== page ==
How gamification can turbocharge sales channel performance

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Make the leap from mediocrity to meritocracy. Gamification can create sales superheroes.

Picture the scene. Martin works in a large electronics store selling a wide range of mobile devices across several mobile networks. All of these individual brands – both manufacturers and service providers – give Martin the chance to participate in a rewards program, but each of these rewards programs is remarkably similar. After a while this mountainous monolith of mediocrity leaves Martin bored and apathetic – the exact opposite of what rewards programs are supposed to achieve.

How then can a brand stand out in this crowded space? And even more importantly, how can that same brand effect real behavioural change by rewarding Martin for improved sales performance?

Ready, steady, game

The solution to what is a very common problem in the sales channel arena is surprisingly simple. Regardless of whether you’re in the business of inspiring perfume, cellphone, or lawnmower salespeople, gamification is the one-stop solution that will allow your brand to outshine the competition through education and engagement. Once salespeople learn about your incentive rewards, it follows that sales should increase.

Gamification works wonders in sales channels for several reasons, not least:

  1. It’s fun (a lot more fun than counting the number of air-conditioner vents in the gents’ loo)
  2. It gives instant, constructive feedback on your performance (more than we can say for most human bosses)
  3. It gives you the chance to earn rewards in the true sense of the word (a properly-designed gamification program will include rewards that are both meaningful and customisable)

Enough with the Why. Let's look at the How

If games are fun, it goes without saying that gamification – “the use of game mechanics and experience design to digitally engage and motivate people to achieve their goals” – should be fun too. But gamification, unlike the games it is inspired by, uses this fun for a very specific and quantifiable goal. In the case of channel salespeople this goal is twofold: to educate, inspire and engage salespeople about your product range and thus increase sales. Luckily the two tend to go hand in hand.

Feedback – whether on new product knowledge or recent sales performance – is a fundamental feature of any gamification program and the same goes for the opportunity to earn rewards. As long as you’re clear on what you want gamification to achieve for your brand (and provided you engage the services of folks who know their stuff) you can achieve incredible bang for your buck (ROI for those who prefer formal terminology).

Here's a little example

You’ve just launched a new smartphone (or lawnmower or perfume) so you design a fun and attractive infographic to educate salespeople about its features. While the information contained in the infographic might be identical to the product’s technical specifications sheet (zzzzzz, bring on the air conditioner vents), the way the facts are presented encourages salespeople to not only read them, but to actually learn and remember them through challenges, quests and more.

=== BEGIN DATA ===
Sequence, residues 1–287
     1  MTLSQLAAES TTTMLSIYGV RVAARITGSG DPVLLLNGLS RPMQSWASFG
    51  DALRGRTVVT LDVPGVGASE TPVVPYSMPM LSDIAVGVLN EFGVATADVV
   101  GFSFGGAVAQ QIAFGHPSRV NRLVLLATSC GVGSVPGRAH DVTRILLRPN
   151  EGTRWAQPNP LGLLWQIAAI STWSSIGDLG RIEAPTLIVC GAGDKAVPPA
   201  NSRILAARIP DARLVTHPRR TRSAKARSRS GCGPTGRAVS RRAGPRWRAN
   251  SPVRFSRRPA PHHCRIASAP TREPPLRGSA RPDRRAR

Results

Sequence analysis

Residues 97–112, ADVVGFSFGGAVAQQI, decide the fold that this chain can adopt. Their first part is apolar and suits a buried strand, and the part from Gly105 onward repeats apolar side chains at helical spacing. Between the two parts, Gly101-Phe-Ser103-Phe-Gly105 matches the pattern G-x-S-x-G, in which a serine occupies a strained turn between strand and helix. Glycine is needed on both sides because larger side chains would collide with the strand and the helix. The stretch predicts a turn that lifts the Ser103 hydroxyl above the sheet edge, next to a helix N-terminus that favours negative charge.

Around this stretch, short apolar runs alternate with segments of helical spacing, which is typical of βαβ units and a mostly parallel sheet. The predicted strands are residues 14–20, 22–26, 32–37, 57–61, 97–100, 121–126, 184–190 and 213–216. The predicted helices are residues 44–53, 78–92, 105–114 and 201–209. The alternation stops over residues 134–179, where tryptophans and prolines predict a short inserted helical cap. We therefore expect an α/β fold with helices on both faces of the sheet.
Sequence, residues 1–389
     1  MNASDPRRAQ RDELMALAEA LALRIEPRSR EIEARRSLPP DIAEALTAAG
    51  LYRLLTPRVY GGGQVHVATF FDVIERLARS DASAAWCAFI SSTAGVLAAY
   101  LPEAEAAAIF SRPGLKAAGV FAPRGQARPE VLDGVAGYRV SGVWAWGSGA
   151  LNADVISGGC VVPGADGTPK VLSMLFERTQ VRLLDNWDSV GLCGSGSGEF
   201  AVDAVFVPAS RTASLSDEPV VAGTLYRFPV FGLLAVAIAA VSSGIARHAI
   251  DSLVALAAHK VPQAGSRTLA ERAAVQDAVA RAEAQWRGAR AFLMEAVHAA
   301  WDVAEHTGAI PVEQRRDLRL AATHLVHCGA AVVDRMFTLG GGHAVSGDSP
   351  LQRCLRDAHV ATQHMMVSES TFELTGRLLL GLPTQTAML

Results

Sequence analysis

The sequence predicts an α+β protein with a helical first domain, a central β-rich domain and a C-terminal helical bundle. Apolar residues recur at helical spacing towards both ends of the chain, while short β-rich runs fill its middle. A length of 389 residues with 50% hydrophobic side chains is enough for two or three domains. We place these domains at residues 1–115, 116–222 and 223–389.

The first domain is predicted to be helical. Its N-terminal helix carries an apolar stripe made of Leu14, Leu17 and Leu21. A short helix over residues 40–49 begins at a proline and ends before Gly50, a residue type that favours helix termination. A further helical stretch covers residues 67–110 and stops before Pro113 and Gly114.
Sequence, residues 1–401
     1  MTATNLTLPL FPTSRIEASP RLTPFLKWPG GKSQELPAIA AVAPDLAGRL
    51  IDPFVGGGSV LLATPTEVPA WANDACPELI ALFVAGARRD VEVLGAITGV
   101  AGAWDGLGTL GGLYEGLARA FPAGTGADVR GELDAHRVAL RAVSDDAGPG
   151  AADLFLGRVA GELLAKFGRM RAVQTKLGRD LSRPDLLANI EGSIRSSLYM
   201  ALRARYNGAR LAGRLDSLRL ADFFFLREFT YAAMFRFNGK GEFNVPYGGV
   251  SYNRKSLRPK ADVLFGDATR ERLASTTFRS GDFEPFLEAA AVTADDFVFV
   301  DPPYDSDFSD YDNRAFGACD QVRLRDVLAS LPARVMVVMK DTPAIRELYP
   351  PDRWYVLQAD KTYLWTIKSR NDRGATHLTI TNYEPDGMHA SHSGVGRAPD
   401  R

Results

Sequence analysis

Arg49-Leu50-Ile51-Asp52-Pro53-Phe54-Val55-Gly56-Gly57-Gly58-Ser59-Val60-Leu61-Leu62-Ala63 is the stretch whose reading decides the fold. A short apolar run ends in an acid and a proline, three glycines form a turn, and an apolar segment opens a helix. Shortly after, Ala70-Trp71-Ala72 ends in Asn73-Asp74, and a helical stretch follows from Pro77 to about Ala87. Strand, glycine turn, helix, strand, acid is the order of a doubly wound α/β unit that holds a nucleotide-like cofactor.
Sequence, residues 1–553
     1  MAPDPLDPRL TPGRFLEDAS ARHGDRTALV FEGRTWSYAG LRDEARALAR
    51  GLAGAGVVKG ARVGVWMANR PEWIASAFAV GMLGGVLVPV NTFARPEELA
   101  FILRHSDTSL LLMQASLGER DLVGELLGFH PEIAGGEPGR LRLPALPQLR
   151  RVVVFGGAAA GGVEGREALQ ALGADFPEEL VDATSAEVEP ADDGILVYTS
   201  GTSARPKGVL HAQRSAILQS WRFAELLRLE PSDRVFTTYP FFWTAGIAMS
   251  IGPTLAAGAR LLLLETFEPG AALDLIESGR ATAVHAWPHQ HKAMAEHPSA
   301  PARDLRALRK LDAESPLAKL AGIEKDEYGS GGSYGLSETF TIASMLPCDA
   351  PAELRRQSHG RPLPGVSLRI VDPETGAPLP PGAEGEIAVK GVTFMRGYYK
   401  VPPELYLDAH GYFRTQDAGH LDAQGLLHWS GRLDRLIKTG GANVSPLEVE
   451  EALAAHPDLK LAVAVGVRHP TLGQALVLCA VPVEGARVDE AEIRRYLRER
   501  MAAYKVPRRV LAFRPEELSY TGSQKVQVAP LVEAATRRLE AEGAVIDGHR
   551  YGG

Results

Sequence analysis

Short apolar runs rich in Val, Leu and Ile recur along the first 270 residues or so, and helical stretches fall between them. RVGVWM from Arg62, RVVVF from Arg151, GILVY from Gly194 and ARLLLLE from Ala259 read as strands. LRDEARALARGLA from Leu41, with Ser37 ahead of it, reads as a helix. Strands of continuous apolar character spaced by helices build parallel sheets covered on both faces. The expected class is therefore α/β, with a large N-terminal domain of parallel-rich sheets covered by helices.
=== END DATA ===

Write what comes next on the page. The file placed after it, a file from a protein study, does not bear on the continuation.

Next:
Typically, this infographic might be followed up by a quiz to test how much of this info has been absorbed. Once again, the quiz should look good and be enjoyable to complete – don’t make it feel like a school exam, even if that’s exactly what it is. To stimulate real learning, the quiz should tap into our innate desire to compete against ourselves and/or our peers.

While the quiz’s clever design will go partway towards achieving this goal, the promise of tangible rewards will seal the deal. Once participants know they stand a chance to get something in return for knowing your product backwards, you’ll be amazed at how their engagement soars.

A word about rewards

Even the most innovative and effective gamification techniques can wear thin if participants begin to realise that they are not being truly rewarded for their efforts. Badges and points are all very well, but once you’ve amassed enough of these, you’ll begin to yearn for something more tangible.

Very few people can say no to cold, hard cash, especially if it’s paid out in the middle of the month when there’s only tuna in the pantry. Material rewards can be great too, as long as you give recipients some choice in the matter (personally I have no use for a blender, but for all I know you’ve spent all day dreaming of a kale smoothie) and experiential rewards also go down a treat. Here, once again, choice is key: an evening of stock car racing is not everyone’s cup of tea. Nor is a macramé course.

A game for all seasons

As shown above, gamification is great at promoting awareness of a new product’s features. But you can use exactly the same logic to enhance participants’ knowledge of your entire product range or to build an understanding of your industry-leading after-sales service, to give but two examples.

What’s more, thoughtful gamification can present scary sales targets in a more friendly (and thus motivating) manner and the judicious use of game mechanics can work wonders for your sales figures. Another great thing about gamification is that it can be personalised: not only will it get demotivated salespeople to up their games, but it will also push highly-motivated sales hounds to even greater heights.

What are you waiting for?

Say adios to sales channel mediocrity and help us to usher in a new era of meritocracy. Let the games begin!

 

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Tags: Performance Design Engagement Gamification Learning